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Hospital Study Finds Patients Not Washing Hands Could be the Missing Link in the Spread of Infection

November 18, 2014

Stamford, CT (November 18, 2014) - Health technology company Infonaut (www.infonaut.ca), a Sonitor Technologies partner in deploying advanced real time locations systems, has discovered through a University of Toronto study that hospital patients may be at significant risk of infection because of their own alarmingly poor hand hygiene. The study, published in Infection Control and Hospital Epidemiology entitled "Measurement of patient hand hygiene in multi-organ transplant units using a novel technology: an observational study", was undertaken in a Toronto hospital to analyze movement and behavior of hospital staff, patients and equipment. It relied upon Infonaut's Hospital Watch Live system running on Sonitor Technologies' ultrasound-based RTLS system.

The ability to continuously monitor and measure hand hygiene among hospital patients is a world first. The study found that in over 12,000 bathroom visits, patients washed their hands only 30% of the time on average. Data from meal times revealed that hand hygiene was lowest at breakfast (30%), and highest at dinner (45%). Average patient hand hygiene when entering and leaving their rooms was less than 5%, and even lower for visits to patient kitchens.

Hospital Watch Live uses ultra-accurate Sonitor positioning ultrasound tags worn by patients, staff, and equipment. Sonitor ultrasound tags are also integrated with soap and hand sanitizer dispensers to signal when they are used. The movement of people, including instances of performing hand hygiene, are captured automatically then geospatially analyzed by Hospital Watch Live.

The analysis was led by epidemiologist Dr. Colin Furness, Infonaut's director of research and knowledge development, and an adjunct professor at the University of Toronto's Faculty of Information. Dr. Furness worked with first author Dr. Jocelyn Srigley, the associate medical director of infection prevention and control at Hamilton Health Sciences.

"The extent of this problem has not been visible until now, because it has not been measurable until now," says Dr. Furness, a co-inventor of Hospital Watch Live. "Enormous resources are devoted to research and practice for improving staff hand hygiene compliance, but patient hand hygiene has received scant attention," he added.

The study suggests that there may be significant benefits to including patients in hand hygiene promotion campaigns. "This is important because getting patients to wash their hands more could potentially reduce their risk of picking up infections in the hospital," said Dr. Srigley.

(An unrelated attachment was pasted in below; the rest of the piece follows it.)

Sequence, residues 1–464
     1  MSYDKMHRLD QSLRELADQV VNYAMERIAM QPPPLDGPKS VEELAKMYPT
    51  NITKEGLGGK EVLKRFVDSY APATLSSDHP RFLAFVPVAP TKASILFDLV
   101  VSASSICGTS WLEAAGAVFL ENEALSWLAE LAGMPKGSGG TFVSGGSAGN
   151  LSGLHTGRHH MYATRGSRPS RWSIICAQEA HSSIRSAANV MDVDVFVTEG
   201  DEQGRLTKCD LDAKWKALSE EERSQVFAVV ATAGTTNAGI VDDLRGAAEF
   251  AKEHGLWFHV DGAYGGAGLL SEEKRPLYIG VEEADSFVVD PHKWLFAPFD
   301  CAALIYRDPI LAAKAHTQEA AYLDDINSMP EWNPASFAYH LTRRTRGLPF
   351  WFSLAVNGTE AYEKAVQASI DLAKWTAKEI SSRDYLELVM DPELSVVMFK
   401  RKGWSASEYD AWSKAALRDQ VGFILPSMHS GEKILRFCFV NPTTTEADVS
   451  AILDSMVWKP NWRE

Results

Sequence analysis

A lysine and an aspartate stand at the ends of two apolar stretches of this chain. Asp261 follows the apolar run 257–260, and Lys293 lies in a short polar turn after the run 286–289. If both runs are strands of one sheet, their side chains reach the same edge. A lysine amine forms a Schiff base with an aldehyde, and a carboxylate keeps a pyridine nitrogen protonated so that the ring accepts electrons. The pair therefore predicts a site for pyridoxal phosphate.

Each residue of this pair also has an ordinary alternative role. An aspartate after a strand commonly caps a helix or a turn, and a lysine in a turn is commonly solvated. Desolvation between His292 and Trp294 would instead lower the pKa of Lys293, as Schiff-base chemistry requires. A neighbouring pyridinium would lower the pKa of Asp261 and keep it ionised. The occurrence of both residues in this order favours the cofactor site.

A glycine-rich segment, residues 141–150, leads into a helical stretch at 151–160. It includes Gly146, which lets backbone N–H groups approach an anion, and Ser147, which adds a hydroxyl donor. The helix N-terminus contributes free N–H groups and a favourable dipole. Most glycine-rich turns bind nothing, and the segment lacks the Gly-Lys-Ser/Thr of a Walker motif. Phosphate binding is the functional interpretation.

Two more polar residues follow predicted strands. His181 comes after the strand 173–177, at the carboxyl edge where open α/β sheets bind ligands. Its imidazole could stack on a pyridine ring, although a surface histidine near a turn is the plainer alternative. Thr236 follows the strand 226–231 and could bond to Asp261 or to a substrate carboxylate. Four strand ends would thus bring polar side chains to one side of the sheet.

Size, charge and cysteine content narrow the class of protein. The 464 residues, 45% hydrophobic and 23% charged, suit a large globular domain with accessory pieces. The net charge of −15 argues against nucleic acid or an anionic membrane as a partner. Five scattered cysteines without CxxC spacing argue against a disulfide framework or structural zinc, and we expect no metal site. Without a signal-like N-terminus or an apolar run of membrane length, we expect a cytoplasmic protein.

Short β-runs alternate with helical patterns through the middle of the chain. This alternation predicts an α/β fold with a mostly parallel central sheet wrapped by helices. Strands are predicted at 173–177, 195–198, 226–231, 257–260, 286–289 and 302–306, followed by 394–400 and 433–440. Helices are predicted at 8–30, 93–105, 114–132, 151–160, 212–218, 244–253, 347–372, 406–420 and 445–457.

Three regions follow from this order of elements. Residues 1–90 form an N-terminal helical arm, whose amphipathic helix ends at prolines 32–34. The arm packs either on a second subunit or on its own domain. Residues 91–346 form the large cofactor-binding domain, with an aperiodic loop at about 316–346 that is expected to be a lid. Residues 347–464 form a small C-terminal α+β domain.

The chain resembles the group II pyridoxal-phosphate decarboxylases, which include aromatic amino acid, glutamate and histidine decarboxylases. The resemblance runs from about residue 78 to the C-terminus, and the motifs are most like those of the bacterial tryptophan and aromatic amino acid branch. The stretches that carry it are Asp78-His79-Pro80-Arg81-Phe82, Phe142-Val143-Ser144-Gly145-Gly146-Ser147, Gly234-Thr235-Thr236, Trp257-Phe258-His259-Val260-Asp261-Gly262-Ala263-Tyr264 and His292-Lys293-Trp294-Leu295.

Many dangerous pathogens commonly found in hospitals, including C. difficile, are transmitted via the 'fecal-oral route': they enter through patients' mouths via contaminated surfaces in bathrooms and other areas. "Patients' mouths are surely touched the most by their own hands, not healthcare workers' hands," Dr. Furness said.

Supported by a grant from Canada Health Infoway, financing by the Health Technology Exchange and by Infonaut Inc., technical development from George Brown College, and in-kind contributions from GOJO Industries, this study was one of a series of research projects undertaken during a commercialization trial of Hospital Watch Live in Toronto, using Sonitor ultrasound receivers placed throughout the facility communicating with tags on patients. Recently, the same research team published their findings showing that hand hygiene rates triple among healthcare workers when a compliance auditor is visible.

"Very little is known about hand hygiene as a complex social and situational behaviour," emphasized Dr. Furness, who is also a social scientist. "This narrow focus by hospitals on staff hand hygiene compliance does not capture this complexity," he added. "Through our work, we have gained a lot of insight into environmental design and other factors that appear to influence hand hygiene behavior."

"Infonaut's goal is to take our client hospitals beyond staff hand hygiene compliance, to answer difficult 'how', 'where' and 'when' questions," said Infonaut CEO Niall Wallace. "Nobody else has done this measurement and developed this expertise." Based on its commercialization experiences in Toronto and the current measurement work with its partner, the Jacobs Institute, in Buffalo, NY, Infonaut will offer infection control consulting to hospitals.

"Sonitor's ultrasound RTLS solution has been instrumental in helping bring Infonaut's innovation to market as their ease-of-installation and accuracy is unparalleled in the industry. This type of insight and advanced research would not be possible without the Sonitor RTLS solution," said Mr. Wallace.

Anne Bugge, President and CEO of Sonitor Technologies, Inc. added, "We are pleased that Sonitor's ultrasound RTLS technology, together with our partner Infonaut's software, has contributed to establishing a better understanding of how infections spread in hospitals and what can be done to reduce this potentially very harmful and costly risk for patients and caregivers alike."

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